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No. 160 Pearl-street.


Transcribed by Wayne Kempton
Archivist and Historiographer of the Diocese of New York, 2011

New-York 6th December, 1820:

This being the fourth Anniversary of the New-York Protestant Episcopal Missionary Society, pursuant to public notice, the Society met in St. Paul's Chapel.

In the absence of the Right Rev. Bishop Hobart (the President), the Rev. Thomas Lyell, Rector of Christ Church, was called to the chair, and the Rev. George Upfold, of St. Luke's Church, was appointed Secretary.

The minutes of the third Anniversary Meeting were then read and approved.

The Annual Report of the Board of Managers was then read by Mr. Cornelius R. Duffie.

On motion of the Rev. Benjamin T. Onderdonk, of Trinity Church, it was resolved, That the Report just read be accepted.

On motion of the Rev. Mr. M'Vickar, Professor of Rhetoric and Belle Lettres in Columbia College, it was resolved, That the thanks of the Society be presented to the Board of Managers for their attention to the duties of their office during the past year.

On motion of the Rev. Mr. Creighton, Rector of St. Mark's Church, it was resolved, That this Society duly appreciate the exertions of the Rector and Congregation of Zion Church, in forming a fourth Auxiliary Missionary Society, and recommend their example to the congregations of the Church in general.

On motion of the Rev. Mr. Wainwright, of Trinity Church, it was resolved, That the Report, this evening read, and the proceedings of this meeting, be published, under the order of the Board of Managers.

The Society then proceeded to the election of officers for the ensuing year; Mr. James Cummings and Mr. Cornelius S. Bartow were appointed inspectors. Upon counting the ballots, the following gentlemen were declared to be duly elected:

Right Rev. Bishop HOBART, President ex officio.
HENRY M'FARLAN, 1st Vice-President.
THOMAS N. STANFORD, 2d Vice-President
JOHN SMYTH ROGERS, 3d Vice-President.
D. A. CUSHMAN, Treasurer.
FLOYD SMITH, Corresponding Secretary.
WILLIAM B. SMITH, Recording Secretary

(Signed) GEORGE UPFOLD, Secretary pro tem.

A Payment of not less than two dollars per annum, constitutes a subscriber; and donations and subscriptions will be thankfully received at No. 183 Broadway.



IN presenting the Fourth Report of this Society, we cannot refrain from expressing our gratitude for its timely formation, and for the important advantages which have already resulted from its establishment. Animated by our past success, even under circumstances which might well have discouraged any efforts, we are authorized to look forward with new confidence, while we recognize that Superintending Protection which so evidently demands the homage of our thankfulness.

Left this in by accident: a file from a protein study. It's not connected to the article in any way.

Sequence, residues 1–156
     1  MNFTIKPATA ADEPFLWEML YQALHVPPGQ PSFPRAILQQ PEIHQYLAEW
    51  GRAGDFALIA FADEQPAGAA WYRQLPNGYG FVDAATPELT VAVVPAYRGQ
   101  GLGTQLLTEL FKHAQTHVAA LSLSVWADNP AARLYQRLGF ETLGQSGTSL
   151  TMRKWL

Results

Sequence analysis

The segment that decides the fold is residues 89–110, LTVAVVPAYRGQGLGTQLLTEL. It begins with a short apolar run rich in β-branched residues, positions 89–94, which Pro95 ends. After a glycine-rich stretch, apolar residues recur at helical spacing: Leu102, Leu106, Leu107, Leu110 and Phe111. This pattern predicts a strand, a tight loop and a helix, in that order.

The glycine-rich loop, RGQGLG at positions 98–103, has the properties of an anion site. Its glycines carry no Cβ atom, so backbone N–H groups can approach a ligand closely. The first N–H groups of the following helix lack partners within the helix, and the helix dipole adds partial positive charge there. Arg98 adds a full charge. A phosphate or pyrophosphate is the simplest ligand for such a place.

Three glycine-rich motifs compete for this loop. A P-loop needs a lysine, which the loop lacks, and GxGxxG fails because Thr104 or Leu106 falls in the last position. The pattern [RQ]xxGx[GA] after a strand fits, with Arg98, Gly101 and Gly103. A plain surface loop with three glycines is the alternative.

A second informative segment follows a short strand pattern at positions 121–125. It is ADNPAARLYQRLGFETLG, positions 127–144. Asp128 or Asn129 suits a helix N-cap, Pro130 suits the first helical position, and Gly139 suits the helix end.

Shortly after the last annual meeting, a sermon was preached at Grace church, in behalf of this society, by the Rev. Mr. Montgomery; and in reverting to it we find great satisfaction, not merely on account of the valuable addition then made to the funds of the institution, but more particularly because the importance of a missionary spirit was then set forth with such an union of piety, of eloquence, and of zeal, as imparted new animation to its friends, and was calculated to enrol all who were before indifferent among its well-wishers and supporters. The sum of three hundred and sixty dollars and ninety cents, then collected, forms nearly the one half of all that we have been able, during the past year, to appropriate to the general missionary [5/6] fund of the Diocess, and is itself an evidence of the talents and the energy with which the cause was advocated.

Of the three societies which we numbered as auxiliary to this at the last report, we have received remittances from two only; that established at Albany haying not yet made its returns. The Goshen Female Auxiliary Missionary Society have remitted twelve dollars, and the Episcopal Missionary Society of Geneva thirty dollars. It would have been very grateful to our wishes, if we could have announced a large increase in the number of these auxiliary institutions, as their formation is one of the most prominent features of our plan, and one of the utmost promise to our usefulness. One auxiliary only has been added during the last year; but that is one of which we may well be proud, and from which we anticipate important aid. The Episcopal Missionary Society of Zion Church, in this city (our fourth auxiliary), in August last placed in our treasury the very generous sum of one hundred and eighty dollars, raised from the spirited subscriptions of that congregation alone.